Cannabis tax spending decisions not transparent
The City should improve the transparency and accountability of its recreational cannabis tax revenue, according to an audit released May 2, 2019, by City Auditor Mary Hull Caballero.
Oregon voters legalized the possession and sale of recreational cannabis in November 2014, and in November 2016, Portland voters approved a 3 percent local sales tax. The ballot measure specified the tax revenue should be used in three categories, drug and alcohol programs, public safety, and support for small businesses.
The categories are intentionally broad, to meet changing community needs. The tax was promoted as funds that would benefit and support individuals and cannabis businesses owners that were adversely impacted when cannabis was illegal. Council established expectations that community members would be involved in allocation decisions, and there would be a link between the source and use of the tax.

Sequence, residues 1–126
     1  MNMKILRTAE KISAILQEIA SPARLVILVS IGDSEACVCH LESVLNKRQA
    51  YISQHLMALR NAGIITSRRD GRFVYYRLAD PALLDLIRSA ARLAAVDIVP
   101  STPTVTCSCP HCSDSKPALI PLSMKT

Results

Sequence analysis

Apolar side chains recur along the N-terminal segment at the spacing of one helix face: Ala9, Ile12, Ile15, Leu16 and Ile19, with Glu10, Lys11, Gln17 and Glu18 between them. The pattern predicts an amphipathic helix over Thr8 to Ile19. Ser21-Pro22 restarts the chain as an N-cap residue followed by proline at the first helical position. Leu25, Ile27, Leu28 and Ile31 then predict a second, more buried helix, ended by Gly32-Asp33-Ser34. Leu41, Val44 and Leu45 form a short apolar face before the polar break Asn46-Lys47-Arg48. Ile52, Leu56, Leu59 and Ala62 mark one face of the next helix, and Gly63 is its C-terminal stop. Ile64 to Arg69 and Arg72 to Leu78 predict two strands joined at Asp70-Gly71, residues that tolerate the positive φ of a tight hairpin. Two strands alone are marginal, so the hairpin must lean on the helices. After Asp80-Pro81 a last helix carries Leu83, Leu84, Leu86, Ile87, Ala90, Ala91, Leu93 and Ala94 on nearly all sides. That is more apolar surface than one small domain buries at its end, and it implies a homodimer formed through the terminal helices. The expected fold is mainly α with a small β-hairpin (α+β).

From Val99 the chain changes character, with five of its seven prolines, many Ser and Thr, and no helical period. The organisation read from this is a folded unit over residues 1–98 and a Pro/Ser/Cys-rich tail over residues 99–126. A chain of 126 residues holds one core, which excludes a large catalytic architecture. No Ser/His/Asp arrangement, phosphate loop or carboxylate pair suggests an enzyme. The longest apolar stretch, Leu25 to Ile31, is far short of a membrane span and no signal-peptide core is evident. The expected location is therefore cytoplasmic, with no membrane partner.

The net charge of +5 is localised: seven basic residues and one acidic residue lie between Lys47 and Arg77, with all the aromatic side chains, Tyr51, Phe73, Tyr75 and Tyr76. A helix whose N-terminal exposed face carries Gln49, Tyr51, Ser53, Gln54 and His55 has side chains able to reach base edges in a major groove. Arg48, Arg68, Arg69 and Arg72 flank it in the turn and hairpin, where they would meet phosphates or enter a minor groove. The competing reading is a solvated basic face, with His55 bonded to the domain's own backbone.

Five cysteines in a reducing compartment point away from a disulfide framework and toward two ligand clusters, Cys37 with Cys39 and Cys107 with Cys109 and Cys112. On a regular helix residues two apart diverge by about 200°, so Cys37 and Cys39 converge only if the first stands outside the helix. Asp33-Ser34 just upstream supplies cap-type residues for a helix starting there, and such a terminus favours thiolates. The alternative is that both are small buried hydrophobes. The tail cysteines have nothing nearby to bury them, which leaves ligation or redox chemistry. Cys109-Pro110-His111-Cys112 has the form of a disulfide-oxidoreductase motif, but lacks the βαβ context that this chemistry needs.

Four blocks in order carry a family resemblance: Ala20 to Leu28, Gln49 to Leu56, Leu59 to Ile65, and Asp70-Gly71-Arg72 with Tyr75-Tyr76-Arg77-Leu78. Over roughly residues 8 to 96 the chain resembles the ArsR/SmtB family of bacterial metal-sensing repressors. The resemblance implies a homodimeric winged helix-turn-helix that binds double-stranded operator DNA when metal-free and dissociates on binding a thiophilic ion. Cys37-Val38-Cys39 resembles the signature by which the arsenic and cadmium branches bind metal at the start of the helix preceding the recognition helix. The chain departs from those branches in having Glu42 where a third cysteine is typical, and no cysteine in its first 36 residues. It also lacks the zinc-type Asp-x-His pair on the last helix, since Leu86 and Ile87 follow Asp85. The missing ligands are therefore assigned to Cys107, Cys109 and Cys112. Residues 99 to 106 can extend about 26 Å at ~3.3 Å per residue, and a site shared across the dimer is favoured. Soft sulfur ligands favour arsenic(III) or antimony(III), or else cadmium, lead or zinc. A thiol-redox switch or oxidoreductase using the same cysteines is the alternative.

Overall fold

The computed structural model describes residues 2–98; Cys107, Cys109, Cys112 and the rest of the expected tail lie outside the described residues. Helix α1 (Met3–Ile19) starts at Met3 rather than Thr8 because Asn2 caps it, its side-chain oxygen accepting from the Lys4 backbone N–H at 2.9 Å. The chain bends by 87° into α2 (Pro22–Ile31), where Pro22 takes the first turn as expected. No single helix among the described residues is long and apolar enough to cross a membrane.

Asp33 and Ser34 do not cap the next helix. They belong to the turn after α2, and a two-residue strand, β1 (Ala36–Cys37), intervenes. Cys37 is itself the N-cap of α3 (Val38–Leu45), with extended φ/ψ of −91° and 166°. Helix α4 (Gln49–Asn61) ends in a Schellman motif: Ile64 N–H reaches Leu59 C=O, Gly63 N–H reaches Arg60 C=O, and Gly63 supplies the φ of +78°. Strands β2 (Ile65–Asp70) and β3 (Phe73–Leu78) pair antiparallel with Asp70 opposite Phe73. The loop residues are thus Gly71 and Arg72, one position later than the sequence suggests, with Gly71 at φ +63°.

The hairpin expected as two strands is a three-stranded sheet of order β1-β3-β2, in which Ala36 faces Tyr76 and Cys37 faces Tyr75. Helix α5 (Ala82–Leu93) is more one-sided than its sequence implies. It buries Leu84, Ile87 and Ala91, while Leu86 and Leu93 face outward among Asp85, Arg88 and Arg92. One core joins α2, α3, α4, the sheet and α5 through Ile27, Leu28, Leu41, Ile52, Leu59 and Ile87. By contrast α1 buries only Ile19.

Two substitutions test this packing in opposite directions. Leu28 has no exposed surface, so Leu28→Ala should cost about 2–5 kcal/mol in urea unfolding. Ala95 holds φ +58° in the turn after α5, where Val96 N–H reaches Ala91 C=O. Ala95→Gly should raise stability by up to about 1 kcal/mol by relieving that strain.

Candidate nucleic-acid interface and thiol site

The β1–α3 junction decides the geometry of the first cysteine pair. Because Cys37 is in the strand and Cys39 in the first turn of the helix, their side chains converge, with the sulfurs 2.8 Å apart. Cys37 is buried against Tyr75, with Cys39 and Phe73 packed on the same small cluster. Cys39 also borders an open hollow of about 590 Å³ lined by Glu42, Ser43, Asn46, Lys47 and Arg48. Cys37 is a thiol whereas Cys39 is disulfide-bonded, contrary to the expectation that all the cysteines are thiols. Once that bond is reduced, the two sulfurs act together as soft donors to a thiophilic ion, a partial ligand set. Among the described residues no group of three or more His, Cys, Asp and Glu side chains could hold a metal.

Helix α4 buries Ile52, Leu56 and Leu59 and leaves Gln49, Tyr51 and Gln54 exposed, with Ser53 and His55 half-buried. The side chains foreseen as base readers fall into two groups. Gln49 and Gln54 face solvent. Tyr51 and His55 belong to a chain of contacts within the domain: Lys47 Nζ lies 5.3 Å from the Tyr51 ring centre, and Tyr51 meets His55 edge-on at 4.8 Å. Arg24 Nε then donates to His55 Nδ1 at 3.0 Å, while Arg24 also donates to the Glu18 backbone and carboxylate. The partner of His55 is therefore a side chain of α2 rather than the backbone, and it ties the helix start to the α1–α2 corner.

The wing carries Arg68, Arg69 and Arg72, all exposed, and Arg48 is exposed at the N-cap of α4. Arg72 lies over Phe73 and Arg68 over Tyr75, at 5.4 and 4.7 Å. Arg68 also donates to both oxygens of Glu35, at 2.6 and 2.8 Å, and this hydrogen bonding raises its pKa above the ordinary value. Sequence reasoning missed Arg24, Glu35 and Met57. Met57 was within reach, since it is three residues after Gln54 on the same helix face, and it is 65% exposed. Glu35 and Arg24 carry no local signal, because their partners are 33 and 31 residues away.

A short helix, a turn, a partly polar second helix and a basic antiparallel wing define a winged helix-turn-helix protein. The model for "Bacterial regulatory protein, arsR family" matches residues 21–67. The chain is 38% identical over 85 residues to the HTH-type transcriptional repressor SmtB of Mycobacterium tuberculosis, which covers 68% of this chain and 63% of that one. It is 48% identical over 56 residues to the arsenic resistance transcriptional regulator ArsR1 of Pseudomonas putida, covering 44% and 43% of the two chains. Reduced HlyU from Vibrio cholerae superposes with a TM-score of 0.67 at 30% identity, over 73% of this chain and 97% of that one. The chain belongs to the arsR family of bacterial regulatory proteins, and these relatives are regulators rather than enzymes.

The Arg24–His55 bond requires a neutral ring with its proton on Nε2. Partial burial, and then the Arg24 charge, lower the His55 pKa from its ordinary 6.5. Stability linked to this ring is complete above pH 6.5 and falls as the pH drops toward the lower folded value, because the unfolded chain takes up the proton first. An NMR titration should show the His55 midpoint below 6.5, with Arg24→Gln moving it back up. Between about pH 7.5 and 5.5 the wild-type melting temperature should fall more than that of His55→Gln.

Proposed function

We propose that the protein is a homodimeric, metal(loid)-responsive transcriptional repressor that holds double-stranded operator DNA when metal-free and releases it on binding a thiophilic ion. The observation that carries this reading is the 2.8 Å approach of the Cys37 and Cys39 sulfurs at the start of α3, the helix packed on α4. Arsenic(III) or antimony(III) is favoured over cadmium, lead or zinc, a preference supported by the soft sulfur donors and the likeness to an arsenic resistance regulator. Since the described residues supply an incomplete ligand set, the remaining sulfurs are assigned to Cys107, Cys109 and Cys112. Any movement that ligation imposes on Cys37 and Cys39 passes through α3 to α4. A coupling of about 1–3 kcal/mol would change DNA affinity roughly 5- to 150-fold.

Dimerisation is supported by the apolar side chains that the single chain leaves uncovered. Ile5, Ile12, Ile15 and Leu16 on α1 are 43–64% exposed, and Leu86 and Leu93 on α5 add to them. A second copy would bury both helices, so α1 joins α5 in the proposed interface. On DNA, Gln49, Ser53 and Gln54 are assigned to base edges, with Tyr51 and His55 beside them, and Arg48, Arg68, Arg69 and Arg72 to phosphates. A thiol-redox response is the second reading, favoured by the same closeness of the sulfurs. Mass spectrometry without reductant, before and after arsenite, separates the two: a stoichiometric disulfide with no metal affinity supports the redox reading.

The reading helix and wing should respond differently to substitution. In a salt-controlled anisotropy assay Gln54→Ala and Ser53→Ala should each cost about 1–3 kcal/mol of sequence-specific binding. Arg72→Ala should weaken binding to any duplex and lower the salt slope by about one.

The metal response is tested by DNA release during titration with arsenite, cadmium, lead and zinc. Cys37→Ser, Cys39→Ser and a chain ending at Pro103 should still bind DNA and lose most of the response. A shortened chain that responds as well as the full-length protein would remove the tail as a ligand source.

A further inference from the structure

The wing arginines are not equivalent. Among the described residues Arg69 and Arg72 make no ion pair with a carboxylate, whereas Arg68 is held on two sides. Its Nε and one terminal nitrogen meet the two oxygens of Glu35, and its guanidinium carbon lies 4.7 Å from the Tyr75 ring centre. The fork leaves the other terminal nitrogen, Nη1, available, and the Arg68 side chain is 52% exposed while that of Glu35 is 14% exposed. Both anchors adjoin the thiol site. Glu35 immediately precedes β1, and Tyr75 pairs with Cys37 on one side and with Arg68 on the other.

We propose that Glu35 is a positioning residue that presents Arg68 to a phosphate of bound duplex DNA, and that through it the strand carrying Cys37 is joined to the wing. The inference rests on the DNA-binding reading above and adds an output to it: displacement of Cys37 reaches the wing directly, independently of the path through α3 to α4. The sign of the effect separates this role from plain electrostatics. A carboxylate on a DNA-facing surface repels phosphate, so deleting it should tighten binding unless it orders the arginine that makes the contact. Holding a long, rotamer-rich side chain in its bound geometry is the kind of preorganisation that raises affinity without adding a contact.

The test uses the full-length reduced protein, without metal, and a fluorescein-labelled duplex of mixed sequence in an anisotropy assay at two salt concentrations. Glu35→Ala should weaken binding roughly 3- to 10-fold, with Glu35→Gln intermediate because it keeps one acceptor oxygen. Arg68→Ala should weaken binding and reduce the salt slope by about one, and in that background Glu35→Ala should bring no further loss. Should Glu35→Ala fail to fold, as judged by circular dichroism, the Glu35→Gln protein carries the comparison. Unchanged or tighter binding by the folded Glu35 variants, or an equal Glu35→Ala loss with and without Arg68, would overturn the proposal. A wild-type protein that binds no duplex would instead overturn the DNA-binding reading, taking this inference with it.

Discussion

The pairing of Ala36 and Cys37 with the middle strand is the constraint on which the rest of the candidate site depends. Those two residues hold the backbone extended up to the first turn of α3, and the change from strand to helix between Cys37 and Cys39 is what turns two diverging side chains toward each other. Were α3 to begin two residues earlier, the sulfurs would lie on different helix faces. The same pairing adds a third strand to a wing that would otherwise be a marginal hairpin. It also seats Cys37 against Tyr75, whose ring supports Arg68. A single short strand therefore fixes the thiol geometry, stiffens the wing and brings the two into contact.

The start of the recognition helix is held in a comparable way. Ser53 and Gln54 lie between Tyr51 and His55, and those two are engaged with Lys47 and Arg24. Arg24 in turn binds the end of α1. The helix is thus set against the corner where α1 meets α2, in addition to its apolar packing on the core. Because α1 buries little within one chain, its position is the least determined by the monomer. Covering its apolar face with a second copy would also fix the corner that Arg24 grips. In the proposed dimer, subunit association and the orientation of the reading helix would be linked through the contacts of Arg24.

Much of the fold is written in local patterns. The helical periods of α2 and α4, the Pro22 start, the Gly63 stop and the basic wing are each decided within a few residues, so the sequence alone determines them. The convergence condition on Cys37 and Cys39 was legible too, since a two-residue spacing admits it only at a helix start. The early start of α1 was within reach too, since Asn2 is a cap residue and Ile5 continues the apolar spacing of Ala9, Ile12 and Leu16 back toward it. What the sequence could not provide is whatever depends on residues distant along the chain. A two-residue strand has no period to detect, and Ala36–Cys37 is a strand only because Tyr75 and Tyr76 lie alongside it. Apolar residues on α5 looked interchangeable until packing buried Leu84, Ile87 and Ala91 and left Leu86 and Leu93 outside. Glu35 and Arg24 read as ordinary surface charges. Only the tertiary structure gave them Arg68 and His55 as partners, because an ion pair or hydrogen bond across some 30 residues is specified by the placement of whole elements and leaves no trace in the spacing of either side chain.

Since that time, most of the taxes collected have been used for police and transportation programs. While the uses are allowed under the ballot measure, community members, cannabis businesses, or others impacted by past cannabis policies have not been involved in the budget decisions, and the City has not reported on how it’s used the tax revenues.
The audit recommends the City improve the transparency of tax allocation decisions and results and ensure an effective distribution of cannabis grants. Response from Commissioner Eudaly and the Office of Community & Civic Life is included in the report.
Find a one-page summary here and the full report here.
--Performance Auditor II Alexandra Fercak